Archaeology: Italian project for Beirut museum vaults

//National Museum of BeirutThe underground areas of the National Museum of Beirut, where the most valuable museum pieces were kept during the Lebanese civil war, will be reopened after a forty-year hiatus as part of a project funded by the Italian Development Cooperation. The works will take 18 months and cost a million euros, and were set in motion in May during a ceremony in which Lebanon's culture minister Raymond Araygi, Italian Development Cooperation chief Giampaolo Cantini, and Italian ambassador to Lebanon Giuseppe Morabito took part.

The museum's underground areas, Araygi noted, were closed off in 1975, when the hostilities that were to last until 1990 commenced. The Italian-funded project will include the drawing up of a new plan for the areas as well as the selection of exhibition displays, lighting system, exhibition routes, and the equipment for the presentation and display of archaeological finds. The exhibition will present funerary objects found in Lebanon, some of which have never before been shown to the public, dating from the pre-historic period to that of the Mamelukes (XIII-XVI century). ''The value of Lebanese cultural heritage and the role that culture can play in the country's sustainable development,'' said Giampaolo Cantini during the presentation, ''are undoubtedly among the reasons that consistently induce the Italian government to be one of the country's top partners in similar initiatives.''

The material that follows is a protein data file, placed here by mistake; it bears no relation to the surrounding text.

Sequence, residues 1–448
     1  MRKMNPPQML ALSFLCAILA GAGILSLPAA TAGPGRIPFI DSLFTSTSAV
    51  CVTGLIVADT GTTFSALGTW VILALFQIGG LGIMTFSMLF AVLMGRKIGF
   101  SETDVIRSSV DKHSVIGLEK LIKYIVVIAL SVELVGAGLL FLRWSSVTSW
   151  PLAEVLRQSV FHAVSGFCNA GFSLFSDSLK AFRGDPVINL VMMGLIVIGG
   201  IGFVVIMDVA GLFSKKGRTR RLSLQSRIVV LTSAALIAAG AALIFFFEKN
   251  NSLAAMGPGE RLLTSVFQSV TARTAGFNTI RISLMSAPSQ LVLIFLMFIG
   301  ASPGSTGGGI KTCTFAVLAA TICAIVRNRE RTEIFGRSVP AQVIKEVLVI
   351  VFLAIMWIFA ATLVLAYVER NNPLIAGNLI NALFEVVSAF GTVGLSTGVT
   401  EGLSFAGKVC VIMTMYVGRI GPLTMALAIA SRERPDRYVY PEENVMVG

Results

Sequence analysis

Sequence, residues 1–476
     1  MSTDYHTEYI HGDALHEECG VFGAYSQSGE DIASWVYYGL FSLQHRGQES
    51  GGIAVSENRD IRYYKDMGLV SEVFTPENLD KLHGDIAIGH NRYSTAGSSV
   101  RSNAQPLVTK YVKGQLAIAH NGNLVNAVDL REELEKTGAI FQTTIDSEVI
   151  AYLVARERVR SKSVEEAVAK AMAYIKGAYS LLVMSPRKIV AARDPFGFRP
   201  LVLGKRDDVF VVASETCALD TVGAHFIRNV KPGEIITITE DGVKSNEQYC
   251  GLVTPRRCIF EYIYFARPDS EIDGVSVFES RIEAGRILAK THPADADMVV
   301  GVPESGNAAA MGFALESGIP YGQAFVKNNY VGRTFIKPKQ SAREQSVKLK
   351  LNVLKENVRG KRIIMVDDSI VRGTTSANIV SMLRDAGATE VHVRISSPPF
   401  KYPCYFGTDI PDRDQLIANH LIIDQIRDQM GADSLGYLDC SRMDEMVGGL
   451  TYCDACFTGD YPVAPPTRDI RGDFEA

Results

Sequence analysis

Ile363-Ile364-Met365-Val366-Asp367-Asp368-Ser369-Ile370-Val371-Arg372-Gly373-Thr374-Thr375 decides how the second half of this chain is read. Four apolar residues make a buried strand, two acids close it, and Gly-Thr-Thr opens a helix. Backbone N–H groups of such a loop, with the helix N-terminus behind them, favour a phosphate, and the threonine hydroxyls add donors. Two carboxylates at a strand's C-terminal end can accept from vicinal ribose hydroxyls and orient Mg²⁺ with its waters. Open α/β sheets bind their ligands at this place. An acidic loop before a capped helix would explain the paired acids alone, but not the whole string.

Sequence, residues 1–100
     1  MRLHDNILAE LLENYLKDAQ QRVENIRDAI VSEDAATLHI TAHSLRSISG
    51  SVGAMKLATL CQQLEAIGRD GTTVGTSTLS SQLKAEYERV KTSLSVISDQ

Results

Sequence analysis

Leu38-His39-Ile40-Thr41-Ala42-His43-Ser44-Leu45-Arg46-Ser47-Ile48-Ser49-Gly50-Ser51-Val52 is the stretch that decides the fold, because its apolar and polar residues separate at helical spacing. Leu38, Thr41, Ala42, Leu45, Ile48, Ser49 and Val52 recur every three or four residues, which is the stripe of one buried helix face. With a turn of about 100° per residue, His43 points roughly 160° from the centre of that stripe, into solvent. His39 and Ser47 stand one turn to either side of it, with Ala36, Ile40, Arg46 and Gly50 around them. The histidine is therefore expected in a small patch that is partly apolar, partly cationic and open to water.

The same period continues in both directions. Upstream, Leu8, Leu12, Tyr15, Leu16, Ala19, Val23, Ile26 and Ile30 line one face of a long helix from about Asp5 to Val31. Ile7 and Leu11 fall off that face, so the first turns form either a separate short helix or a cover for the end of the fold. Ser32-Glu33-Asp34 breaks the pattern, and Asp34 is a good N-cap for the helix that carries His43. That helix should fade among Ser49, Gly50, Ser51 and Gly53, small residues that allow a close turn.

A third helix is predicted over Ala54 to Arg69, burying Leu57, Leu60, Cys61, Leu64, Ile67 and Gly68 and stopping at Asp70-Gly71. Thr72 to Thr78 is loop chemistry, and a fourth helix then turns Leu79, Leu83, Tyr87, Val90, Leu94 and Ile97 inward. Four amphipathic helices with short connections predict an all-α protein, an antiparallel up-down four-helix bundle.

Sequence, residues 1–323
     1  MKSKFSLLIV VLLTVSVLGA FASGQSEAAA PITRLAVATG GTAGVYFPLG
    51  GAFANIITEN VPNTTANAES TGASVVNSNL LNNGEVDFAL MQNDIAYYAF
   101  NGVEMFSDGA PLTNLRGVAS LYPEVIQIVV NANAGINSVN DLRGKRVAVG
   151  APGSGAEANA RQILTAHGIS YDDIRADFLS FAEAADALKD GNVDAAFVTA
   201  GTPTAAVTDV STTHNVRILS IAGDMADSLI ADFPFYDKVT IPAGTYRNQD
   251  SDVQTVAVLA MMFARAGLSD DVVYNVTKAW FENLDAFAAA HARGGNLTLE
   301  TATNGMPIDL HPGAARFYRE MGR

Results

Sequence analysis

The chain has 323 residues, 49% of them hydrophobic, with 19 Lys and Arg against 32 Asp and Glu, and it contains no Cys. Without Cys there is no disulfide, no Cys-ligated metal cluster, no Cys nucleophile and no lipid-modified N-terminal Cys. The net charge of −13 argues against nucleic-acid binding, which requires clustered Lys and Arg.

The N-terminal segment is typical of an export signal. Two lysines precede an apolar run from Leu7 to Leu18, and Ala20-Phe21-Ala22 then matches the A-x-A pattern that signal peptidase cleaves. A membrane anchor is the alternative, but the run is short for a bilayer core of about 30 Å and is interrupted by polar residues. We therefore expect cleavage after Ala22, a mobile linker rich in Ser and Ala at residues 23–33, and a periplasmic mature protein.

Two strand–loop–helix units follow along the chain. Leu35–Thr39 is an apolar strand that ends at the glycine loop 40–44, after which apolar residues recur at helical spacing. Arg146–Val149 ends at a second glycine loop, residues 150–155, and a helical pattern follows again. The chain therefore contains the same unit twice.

Related Posts

Work with dignity


xxx yyydignity 110In Beirut, near the refugees’ camp of Shatila where hundreds of Syrians live together with more than 9.000 Palestinians, a laboratory of embroidery helps women escaped from war to find themselves. A female community, created by young exiled syrians, to encourage creativity and solidarity. (Ebticar/Mashallah news)

Beirut: “World Book Capital 2009”


Beirut: “World Book Capital 2009”Unesco Director-General announced on the 3rd of July the nomination of Beirut as the “World Book Capital 2009”. According to the selection committee, the city of Beirut was selected “in the light of its focus on cultural diversity, dialogue and tolerance, and of its diverse and stimulating programme.” During that year the city should undertake to organise and run a larger number of events around books, literature and reading.